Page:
Poetry Friday: The Thought Fox (Ted Hughes)

Poetry Friday: where I share my long-time or momentary poems, once a week. Check out the rest here   THE THOUGHT-FOX I imagine this midnight moment’s forest: Something else is alive Beside the clock’s loneliness And this blank page where my fingers move. Through the window I see no star: Something more near Though deeper within darkness Is entering the loneliness: Cold, delicately as the dark snow, A fox’s nose touches twig, leaf; Two eyes serve a movement, that now And again now, and now, and now Sets neat prints into the snow Between trees, and warily a lame Shadow …

Poetry Friday: Slattern (Kate Clanchy)

Poetry Friday: where I share my long-time or momentary poems, once a week. Check out the rest here Slattern I leave myself about, slatternly, bits of me, and times I liked: I let them go on lying where they fall, crumple, if they will, I know fine how to make them walk and breathe again. Sometimes at night, or on the train, I dream I’m dancing, or lying in someone’s arms who says he loves my eyes in French, and again and again I am walking up your road, that first time, bidden and wanted, the blossom on the trees, …

Poetry Friday: What do Women Want? (Kim Addonizio)

Poetry Friday: where I share my long-time or momentary poems, once a week. Check out the rest here “What do Women Want?” I want a red dress. I want it flimsy and cheap, I want it too tight, I want to wear it until someone tears it off me. I want it sleeveless and backless, this dress, so no one has to guess what’s underneath. I want to walk down the street past Thrifty’s and the hardware store with all those keys glittering in the window, past Mr. and Mrs. Wong selling day-old donuts in their cafe, past the Guerra …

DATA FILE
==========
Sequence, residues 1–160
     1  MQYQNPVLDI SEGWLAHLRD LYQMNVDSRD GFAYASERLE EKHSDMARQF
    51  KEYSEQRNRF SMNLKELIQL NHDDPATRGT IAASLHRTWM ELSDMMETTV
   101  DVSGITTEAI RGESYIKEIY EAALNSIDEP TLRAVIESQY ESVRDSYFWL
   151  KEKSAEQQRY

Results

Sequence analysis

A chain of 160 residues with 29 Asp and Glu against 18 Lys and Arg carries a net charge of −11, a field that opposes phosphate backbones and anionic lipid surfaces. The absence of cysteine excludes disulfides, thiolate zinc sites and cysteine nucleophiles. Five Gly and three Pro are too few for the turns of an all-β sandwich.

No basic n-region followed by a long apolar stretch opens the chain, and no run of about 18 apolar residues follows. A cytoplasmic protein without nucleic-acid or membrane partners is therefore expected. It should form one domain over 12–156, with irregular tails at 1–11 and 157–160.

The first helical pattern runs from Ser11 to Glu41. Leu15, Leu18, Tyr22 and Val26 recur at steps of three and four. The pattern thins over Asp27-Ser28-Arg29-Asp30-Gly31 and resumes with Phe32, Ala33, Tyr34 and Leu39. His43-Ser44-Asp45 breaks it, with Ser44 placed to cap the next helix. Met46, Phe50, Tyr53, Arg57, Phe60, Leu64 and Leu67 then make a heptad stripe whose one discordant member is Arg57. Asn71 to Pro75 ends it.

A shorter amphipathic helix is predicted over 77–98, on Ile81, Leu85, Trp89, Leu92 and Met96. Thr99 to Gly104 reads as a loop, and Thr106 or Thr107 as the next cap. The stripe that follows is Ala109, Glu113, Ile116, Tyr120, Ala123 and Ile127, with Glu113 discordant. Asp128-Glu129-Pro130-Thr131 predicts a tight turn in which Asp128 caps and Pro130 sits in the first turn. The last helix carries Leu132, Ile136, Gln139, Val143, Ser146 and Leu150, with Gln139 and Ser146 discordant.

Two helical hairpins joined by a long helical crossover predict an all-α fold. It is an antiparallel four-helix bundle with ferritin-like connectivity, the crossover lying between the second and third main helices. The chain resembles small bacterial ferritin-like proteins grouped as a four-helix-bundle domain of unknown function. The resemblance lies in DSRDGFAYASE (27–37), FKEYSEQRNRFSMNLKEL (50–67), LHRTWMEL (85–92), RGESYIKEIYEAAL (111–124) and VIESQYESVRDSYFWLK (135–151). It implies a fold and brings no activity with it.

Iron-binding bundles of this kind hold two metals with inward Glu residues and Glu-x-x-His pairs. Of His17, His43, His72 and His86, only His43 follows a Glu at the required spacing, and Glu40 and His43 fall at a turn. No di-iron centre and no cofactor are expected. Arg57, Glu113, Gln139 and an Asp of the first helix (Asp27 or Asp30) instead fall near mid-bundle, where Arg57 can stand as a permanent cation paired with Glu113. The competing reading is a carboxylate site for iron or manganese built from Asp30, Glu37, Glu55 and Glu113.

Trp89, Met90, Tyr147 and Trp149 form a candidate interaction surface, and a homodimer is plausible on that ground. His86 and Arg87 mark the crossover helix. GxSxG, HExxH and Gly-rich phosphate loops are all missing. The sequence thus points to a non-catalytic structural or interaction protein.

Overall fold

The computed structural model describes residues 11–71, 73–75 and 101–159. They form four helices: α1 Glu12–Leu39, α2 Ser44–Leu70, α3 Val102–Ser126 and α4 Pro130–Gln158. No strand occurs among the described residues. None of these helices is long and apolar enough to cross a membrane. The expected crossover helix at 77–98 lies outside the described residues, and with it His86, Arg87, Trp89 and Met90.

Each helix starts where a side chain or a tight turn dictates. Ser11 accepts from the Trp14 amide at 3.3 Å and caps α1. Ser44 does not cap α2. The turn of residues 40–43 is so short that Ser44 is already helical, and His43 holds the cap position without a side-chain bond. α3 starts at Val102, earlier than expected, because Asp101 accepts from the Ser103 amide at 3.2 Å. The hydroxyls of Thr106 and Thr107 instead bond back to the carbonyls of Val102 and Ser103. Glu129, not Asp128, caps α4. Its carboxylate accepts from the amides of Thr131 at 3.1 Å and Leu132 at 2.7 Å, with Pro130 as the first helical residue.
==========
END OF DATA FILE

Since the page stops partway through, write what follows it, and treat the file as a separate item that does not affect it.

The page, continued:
Building vocabulary through pairing of words

I occasionally have a competition with my classes, to find a pair of words in English that have precisely the same denotation and connotation (which is a nice way to introduce those terms as well.)   Basically, they provide pairs of words that they think are the same, and I explain why that’s not true. It builds competitiveness – especially when I get two classes going at the same time and they want to win first – and it gets them exposed to a wide range of language and meaning, as they start looking for ways to win! Although we …

Roald Dahl’s poetry – a forgotten gem

I’ve been falling love with Revolting Rhymes again. I remember loving it as a child, watching the VHS animated versions over and over again – my mum must have been absolutely sick of them.   Teaching a Year 9 unit on character, I’ve returned to some of them. It’s a challenging unit about re-imagining characters. A typical series of lessons, for example, will have us look at the original Pygmalian story, read a section of Bernard Shaw’s Pygmalian, watch a section of My Fair Lady, explore Duffy’s ‘Galatea’ and then write their own monologue of Galatea coming to life. I …